I believe that the international disarmament community can draw some satisfaction from the consensual outcome of the recent Small Arms and Light Weapons Review Conference. New Zealand pays special tribute to Ambassador Joy Ogwu of Nigeria for the prudence and skill with which she and her team secured this result.
New Zealand was pleased that the Review Conference was able to agree on a range of practical steps for strengthening implementation of the SALW Programme of Action over the coming years. The clear schedule of meetings for the period ahead will provide the opportunity to continue August’s good discussions on core issues such as technological developments, border controls and stockpile management. The challenge in front of us now will be to translate the Review Conference’s outcome into practical and effective measures that deliver a humanitarian dividend.
The Cluster Munitions Convention is well known as a disarmament Treaty which was predicated entirely on humanitarian considerations. The Third Meeting of States Parties took place very recently in Oslo at a point when 75 countries have already become party to it.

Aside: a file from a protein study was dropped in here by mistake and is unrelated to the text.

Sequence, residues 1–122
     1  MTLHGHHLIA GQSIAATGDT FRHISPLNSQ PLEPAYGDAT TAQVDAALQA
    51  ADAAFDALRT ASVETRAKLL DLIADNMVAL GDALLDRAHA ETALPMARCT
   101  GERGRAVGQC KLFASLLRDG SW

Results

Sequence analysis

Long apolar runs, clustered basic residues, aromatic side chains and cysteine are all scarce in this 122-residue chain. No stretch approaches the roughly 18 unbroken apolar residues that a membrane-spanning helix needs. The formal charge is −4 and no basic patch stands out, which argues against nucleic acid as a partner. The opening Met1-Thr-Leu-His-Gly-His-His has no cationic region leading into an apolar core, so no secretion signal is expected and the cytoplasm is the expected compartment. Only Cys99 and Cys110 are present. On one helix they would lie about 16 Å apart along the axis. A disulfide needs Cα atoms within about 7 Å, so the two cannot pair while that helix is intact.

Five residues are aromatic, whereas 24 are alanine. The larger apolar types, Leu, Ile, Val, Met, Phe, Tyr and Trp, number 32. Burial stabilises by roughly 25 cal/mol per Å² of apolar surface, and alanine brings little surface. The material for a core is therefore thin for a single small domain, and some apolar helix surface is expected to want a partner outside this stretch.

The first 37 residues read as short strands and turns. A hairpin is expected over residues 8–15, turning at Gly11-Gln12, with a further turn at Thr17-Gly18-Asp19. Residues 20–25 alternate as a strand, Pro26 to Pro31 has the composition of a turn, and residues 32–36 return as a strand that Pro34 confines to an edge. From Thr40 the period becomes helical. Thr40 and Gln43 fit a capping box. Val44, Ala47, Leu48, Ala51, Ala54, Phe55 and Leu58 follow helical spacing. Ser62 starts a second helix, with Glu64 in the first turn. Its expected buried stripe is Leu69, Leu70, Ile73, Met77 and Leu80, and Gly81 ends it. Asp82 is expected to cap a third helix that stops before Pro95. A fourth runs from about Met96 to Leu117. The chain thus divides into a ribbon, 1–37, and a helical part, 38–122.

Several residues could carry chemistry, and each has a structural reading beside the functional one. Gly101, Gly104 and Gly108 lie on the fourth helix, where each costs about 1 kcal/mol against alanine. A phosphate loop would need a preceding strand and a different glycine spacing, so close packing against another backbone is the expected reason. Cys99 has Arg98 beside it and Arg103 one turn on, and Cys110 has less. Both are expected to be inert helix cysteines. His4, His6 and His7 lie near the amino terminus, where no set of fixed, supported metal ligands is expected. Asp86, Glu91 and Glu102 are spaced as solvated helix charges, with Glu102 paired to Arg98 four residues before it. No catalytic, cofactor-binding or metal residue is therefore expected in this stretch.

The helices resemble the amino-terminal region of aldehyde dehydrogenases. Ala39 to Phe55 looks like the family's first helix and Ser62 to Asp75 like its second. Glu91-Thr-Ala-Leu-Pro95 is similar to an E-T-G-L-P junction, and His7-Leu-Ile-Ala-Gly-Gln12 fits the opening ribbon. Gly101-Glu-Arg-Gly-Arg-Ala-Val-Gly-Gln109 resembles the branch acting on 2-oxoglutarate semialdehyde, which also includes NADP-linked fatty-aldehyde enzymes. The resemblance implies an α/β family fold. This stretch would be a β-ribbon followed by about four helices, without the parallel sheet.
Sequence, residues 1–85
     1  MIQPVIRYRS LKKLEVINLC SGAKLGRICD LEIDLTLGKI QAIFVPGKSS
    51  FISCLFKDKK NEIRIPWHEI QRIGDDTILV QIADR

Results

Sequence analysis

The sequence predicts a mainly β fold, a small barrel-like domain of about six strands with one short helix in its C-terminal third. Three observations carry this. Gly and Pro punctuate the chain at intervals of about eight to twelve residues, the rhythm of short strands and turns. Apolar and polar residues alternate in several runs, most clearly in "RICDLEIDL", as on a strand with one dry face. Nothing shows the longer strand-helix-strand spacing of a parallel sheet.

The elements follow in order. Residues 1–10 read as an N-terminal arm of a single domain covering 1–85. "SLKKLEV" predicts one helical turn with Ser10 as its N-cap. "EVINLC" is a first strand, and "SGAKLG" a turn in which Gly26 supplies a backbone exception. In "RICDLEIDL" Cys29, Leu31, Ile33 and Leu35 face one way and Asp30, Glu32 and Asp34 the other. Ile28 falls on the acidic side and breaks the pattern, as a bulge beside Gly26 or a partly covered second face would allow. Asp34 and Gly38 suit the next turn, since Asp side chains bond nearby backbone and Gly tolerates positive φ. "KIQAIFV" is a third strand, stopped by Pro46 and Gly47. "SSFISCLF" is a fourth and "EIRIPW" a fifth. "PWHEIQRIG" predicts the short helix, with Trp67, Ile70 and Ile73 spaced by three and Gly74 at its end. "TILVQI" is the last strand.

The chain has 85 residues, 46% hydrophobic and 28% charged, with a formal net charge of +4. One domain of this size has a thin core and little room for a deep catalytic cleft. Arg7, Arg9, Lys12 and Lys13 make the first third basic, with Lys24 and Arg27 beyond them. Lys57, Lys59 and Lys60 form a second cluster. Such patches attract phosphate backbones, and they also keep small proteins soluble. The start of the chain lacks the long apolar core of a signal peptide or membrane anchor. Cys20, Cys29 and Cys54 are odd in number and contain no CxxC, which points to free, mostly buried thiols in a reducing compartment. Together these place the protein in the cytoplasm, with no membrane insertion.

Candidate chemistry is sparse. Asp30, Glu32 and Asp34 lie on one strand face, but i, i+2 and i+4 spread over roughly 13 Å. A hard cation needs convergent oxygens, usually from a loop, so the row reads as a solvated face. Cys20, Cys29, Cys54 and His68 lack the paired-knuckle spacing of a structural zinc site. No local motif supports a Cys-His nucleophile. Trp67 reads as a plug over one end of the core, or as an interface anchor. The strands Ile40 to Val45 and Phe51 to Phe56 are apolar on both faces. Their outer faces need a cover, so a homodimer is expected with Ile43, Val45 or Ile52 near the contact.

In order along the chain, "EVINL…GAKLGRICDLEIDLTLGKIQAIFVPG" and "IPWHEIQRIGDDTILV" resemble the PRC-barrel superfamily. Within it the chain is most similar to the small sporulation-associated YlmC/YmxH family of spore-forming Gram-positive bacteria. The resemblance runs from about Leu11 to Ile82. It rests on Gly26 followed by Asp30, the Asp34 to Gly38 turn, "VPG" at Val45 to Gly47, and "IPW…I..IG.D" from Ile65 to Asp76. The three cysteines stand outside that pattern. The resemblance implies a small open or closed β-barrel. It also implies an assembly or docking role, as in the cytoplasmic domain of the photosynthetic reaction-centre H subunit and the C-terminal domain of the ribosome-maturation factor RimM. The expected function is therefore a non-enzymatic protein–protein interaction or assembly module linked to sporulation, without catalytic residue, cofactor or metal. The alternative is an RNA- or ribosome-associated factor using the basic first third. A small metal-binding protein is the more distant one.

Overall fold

Although the CCM was negotiated outside traditional channels and is not yet universal, the use of cluster munitions is now seriously constrained. Those countries that have dared to use them since the Convention’s adoption have met with widespread opprobrium. The Convention has indeed contributed greatly to the global stigmatisation of cluster munitions. Accordingly, New Zealand believes that the Convention is having the humanitarian and normative impact sought by the architects of the Oslo process.
Pursuant to our position as the CCM’s Co-ordinator for National Implementation, New Zealand is closely involved in efforts to assist with the development of implementing legislation for the Convention. We stand ready to assist any state on this - whether through the model implementing legislation we have developed, or via other national precedents. We look forward to carrying this issue forward, as well as that of the Convention’s universalization, at the Fourth Meeting of States Parties which is to be hosted by Zambia in Lusaka next September.
This year’s report card on the Conference on Disarmament – established as the international community’s mechanism for multilateral disarmament negotiations – could once again, at its most euphemistic, be termed “patchy”. Despite what seemed like a promising effort by Egypt as its President early in the year, the CD has again drawn another blank – now, for its fourteenth year in succession.